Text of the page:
QUANTUM WORLD SPLIT
World 1, Day 5: John freely releases the designs and procedures for constructing this new material. Richard Stallman hails this support of open source. He also accepts a high paying job from a company to help train in making the material and selling it, and he is invited to conferences to discuss his work and its advantages. All of this is breaking news everywhere.
World 2, Day 5: John does not release the design, but he accepts the aforementioned job. He forces the company to sign a non-disclosure agreement, which the company accepts. All of this is breaking news everywhere.
World 1, Day 30: John is making tons of money, as is the company he's working with. Another company, whose spokesman is Billy, has taken John's design and figured out how to manufacture it themselves. They advertise it as Silly Khan-Dul, because they are Korean and the word for the number 'two' is 'dul'.
World 2, Day 30: Billy's company gets a hold of John's material and starts to reverse engineer it. There's huge profit in this, they want in. John refuses to license it to them, but even if he didn't it would be for too high a sum.
World 1, Year 1: John and his company aren't so successful anymore selling Silly Khan, and they've moved their main resources on to other things. This is because everybody is making Silly Khan now. But people see how successful it was, they are researching how to make it better. The designs are still completely open, so it's easy to tinker with.
World 2, Year 1: Reverse engineering is complete, and the lab at Billy's company has successfully produced a replica product. The process is being prepared for mass production. John's company is phenomenally successful, being the only group in the world with this material.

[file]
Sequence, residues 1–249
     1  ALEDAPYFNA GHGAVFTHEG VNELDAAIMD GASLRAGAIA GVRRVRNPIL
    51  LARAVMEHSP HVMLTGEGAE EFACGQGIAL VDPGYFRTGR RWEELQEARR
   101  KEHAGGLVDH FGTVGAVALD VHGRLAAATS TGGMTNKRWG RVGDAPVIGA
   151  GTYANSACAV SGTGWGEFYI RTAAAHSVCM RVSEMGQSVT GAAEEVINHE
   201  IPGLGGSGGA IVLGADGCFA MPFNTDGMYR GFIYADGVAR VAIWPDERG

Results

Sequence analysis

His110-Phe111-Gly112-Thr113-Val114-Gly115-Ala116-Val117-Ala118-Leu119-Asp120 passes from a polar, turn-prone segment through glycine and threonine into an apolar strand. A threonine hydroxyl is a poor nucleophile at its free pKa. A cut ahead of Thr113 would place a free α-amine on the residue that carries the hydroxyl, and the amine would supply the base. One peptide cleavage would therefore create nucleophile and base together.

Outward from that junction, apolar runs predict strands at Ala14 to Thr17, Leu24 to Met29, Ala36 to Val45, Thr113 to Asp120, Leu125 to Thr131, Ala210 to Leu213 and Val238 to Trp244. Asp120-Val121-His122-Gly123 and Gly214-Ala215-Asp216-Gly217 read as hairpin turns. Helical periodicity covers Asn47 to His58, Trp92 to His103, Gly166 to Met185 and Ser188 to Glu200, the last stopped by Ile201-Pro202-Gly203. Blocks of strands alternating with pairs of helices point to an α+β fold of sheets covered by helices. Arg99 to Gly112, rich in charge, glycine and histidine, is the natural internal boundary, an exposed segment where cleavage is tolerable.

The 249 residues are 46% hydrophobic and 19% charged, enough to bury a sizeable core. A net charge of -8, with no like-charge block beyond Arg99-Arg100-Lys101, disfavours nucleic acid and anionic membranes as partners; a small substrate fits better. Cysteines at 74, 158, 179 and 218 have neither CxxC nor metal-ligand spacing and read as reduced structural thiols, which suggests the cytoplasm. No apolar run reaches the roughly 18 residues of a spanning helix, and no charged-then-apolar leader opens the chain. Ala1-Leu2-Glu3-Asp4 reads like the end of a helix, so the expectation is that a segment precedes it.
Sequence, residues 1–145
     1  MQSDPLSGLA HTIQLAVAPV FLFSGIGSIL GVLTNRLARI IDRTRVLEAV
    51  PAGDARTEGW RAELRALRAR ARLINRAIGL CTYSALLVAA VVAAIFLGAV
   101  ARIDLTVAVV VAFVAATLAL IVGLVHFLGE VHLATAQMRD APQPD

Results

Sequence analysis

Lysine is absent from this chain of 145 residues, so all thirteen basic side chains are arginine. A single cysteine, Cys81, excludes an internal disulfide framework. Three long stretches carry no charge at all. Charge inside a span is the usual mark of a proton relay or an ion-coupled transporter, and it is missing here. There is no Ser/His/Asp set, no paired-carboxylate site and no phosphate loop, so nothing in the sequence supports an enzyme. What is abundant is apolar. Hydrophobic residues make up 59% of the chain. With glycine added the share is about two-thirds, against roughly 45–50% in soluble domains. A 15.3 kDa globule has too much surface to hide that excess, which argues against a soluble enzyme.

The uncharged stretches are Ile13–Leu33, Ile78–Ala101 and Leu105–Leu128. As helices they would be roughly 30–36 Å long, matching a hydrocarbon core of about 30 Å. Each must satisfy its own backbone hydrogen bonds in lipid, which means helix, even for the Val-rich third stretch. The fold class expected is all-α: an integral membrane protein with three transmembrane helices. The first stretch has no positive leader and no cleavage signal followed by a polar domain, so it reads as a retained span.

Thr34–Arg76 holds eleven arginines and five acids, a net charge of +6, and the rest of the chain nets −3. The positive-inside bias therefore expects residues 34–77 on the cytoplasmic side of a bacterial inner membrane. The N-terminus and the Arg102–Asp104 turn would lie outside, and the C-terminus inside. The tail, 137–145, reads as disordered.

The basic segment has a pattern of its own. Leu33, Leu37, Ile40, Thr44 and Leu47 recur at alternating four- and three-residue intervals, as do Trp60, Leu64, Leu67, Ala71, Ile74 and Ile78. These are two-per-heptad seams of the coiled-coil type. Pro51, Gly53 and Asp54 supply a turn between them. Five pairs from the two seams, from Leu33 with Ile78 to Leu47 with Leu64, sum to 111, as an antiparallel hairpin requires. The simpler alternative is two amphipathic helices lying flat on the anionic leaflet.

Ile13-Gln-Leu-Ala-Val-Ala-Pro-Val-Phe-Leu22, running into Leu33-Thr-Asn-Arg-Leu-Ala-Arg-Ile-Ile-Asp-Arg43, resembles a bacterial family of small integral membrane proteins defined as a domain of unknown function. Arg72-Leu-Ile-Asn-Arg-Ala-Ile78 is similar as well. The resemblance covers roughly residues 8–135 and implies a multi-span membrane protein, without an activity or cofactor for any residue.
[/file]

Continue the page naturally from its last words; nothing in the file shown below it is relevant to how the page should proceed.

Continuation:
QUANTUM WORLD SPLIT
World 2a, Year 1.5: Billy's company starts making John's product and selling it under the name of Silly Khan-Dul. IP laws such as copyright, trademark, and patents don't exist, so John and his company are frustrated but cannot legally do anything about the new competition.
World 2b, Year 1.5: Billy's company makes the product, but IP laws exist. John's company sues Billy's company for copyright infringement (they're claiming they invented their technique), trademark infringement (Silly Khan was registered as a trademark), and patent infringement (Silly Khan was registered as a patent).
World 2a, Year 2: Converges with World 1's Year 1. Everyone is making these things, and now people are trying to improve on the original design which is common knowledge even though John never officially released it.
World 2b, Year 2: Lawsuits still going on. Eventually reach a conclusion with John winning, and Billy's company being forced to halt manufacture and pay hefty fines.
World 2b, Year 5: John's company still the only one selling and making Silly Khan. Price is the same as it was when it came out. There is some research on improving the design, but it is limited because any reverse engineering is also not shared and any published improvements will bring lawsuits upon them.
World 2b, Year 90: John finally dies, and in a legal dispute he loses rights to his creation. Everyone starts copying it, eventually research on improving it happens.
World 2b, Year 92: Converges with World 1's Year 1 and World 2a's Year 2.